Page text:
write

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write

[rīt]
(computer science)
To transmit data from any source onto an internal storage medium.
A command directing that an output operation be performed.

write

(chat)
Unix's simple talk command and protocol. write has been largely superseded by talk and then irc.

An enhancement, RWP, has been proposed.

write

(tool)
A simple text editor for Windows.

write

To store data in memory or onto a storage medium, such as a disk or flash drive. Writing is analogous to recording a movie on a DVR. Every write operation in the computer implies a read operation. For example, to write a file to disk requires reading the data from memory. See read and read/write.


References in periodicals archive ?
Although Yuri Grigorovich's stirring Spartacus (here reissued in its original letterbox format) defines itself as Soviet-era kitsch writ large, the performances of Vladimir Vasiliev, Natalia Bessmertnova, Maris Liepa, and the unforgettable Nina Timofeyeva look like heroic portrayals danced on an epic scale.
His contribution writ large is one of summarizing, clarifying, and critiquing--essentially, in order to "explain the course of social and economic history in terms of the clash of cultures and the struggle for ascendancy between competing value systems" (p.
The general lack of preparedness was writ large by an incident that occurred coincidentally on the same day as the disclosure of new security threats.
Behold Lull's face carved on a mountain or writ large in clouds--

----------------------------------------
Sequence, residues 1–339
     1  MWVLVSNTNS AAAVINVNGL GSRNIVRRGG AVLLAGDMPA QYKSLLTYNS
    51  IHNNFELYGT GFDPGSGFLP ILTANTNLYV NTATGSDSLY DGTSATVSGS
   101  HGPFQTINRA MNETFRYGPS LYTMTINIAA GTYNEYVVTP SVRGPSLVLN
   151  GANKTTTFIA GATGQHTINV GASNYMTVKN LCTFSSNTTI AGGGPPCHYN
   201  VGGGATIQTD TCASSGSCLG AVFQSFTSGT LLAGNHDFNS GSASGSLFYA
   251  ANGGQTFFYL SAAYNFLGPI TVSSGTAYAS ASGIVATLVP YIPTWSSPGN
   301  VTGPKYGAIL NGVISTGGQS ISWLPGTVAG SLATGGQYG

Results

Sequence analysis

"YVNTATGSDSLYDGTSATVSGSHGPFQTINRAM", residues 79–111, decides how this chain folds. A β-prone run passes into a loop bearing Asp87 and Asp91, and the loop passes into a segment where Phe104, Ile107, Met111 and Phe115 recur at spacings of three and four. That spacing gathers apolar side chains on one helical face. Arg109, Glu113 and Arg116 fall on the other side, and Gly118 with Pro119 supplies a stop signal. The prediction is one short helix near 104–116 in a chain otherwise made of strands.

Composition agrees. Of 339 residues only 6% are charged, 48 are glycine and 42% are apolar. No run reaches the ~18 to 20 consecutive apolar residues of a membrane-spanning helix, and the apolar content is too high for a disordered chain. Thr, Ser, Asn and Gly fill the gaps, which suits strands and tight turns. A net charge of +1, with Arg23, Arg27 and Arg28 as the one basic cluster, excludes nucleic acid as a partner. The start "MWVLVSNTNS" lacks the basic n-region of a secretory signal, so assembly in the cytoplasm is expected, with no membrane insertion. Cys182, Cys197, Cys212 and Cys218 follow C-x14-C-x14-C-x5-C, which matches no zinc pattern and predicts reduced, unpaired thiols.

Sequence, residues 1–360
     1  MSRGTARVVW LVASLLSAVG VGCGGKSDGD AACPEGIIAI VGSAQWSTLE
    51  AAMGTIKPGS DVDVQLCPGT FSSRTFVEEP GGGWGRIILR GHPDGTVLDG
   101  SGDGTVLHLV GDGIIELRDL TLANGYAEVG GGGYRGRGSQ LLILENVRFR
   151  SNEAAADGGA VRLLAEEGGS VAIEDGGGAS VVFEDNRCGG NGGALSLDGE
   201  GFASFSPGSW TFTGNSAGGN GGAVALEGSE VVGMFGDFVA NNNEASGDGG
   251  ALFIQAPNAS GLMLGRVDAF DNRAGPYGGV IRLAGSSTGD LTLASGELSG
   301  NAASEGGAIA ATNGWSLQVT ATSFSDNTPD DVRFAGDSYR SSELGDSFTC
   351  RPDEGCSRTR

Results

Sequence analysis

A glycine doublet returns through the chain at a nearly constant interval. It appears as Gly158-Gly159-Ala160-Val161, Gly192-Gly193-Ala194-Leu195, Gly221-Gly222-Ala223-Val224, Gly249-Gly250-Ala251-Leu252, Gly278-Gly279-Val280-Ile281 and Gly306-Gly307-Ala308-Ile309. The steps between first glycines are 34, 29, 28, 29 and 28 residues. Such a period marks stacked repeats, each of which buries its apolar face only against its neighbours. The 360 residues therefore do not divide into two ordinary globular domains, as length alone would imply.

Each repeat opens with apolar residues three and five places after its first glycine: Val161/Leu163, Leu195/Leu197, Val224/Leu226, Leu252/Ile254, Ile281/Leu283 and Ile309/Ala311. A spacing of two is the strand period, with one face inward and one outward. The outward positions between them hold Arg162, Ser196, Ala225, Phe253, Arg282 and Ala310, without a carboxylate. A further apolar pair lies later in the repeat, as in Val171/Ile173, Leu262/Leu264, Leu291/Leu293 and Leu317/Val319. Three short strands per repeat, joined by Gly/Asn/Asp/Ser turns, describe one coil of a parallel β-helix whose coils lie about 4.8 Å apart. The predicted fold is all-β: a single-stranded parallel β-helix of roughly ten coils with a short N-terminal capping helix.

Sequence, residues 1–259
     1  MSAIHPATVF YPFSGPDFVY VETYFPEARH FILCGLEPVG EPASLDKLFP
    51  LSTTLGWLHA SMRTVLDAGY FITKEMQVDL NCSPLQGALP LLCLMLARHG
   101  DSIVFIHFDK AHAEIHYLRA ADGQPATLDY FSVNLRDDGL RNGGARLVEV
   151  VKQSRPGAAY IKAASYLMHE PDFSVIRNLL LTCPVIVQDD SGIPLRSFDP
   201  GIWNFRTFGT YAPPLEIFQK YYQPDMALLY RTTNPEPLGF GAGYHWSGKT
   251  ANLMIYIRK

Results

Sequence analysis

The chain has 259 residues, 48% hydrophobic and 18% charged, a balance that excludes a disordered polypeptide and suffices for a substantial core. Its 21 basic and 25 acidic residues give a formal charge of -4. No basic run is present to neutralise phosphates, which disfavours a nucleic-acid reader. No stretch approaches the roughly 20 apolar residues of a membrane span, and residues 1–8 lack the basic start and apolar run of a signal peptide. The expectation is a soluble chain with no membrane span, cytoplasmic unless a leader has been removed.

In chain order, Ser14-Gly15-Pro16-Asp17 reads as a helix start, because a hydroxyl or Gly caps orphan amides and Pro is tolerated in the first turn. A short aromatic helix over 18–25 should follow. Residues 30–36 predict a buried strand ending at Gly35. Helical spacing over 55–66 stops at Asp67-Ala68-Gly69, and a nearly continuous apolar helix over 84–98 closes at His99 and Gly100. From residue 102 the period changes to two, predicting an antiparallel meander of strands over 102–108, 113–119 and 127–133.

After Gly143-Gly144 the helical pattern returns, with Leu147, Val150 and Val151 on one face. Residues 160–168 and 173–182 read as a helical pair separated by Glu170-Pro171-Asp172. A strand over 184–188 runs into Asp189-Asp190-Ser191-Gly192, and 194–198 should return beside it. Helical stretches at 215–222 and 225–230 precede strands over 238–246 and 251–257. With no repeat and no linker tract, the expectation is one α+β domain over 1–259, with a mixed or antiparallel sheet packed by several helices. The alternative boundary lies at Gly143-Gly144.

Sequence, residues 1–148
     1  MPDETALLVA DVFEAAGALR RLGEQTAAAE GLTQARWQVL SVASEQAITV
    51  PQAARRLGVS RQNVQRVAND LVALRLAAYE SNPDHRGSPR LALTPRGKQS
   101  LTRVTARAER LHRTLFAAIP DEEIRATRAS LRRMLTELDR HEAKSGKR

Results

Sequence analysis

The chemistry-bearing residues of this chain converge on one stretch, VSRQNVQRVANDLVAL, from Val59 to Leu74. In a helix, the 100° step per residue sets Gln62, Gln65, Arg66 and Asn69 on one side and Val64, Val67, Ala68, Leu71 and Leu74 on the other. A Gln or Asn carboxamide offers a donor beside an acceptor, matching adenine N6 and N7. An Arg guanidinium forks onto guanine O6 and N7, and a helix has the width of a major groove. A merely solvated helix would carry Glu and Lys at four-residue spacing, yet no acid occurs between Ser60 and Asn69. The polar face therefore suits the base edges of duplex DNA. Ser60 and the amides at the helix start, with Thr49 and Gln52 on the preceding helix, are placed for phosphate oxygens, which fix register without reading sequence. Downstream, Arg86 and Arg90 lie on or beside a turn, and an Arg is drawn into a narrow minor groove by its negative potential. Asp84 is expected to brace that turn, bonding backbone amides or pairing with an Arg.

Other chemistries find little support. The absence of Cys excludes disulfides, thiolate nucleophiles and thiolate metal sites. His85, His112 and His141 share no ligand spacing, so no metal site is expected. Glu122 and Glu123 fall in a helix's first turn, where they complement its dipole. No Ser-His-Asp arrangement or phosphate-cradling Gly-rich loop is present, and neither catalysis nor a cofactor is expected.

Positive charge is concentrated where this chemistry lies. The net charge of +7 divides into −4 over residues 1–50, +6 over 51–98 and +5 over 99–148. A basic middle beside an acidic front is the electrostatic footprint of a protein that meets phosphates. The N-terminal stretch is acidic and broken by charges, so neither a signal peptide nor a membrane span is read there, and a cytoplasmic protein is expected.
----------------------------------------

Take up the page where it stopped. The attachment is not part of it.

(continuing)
If the word "book" was derived from "bece," an Old English form of beech, then this tree is certainly a book writ large.
The book points to significant changes in the already formidable scholarship associated with early modern Scottish studies, changes that augur well for early modern Scottish studies' future contributions to early modern studies writ large.
Here is a repeat, writ large, of the old cowboys and Indians story.
Leave it to the poetic and philosophical Dennis Kucinich, Democrat of Ohio, to denounce Bush's military tribunals on the floor of the House as "Kafka's The Trial, writ large.
The consequences are writ large in history and today across the world: death and destruction, not to mention the downfall of our nation.
Aquinas adopts Plato's maxim that the polis is "human being writ large.
Does anyone suppose that Shakespeare meant to say that only males abused their authority, when he wrote these lines at the end of the English throne's long occupation by a woman, a woman whose abuse of regal authority is writ large in the history of the time?
Most go for the majestic view, but geologists go to the canyon--a gaping chasm more than 275 miles long, up to 18 miles wide, and in places more than a mile deep--to unravel its untold tale of erosion writ large.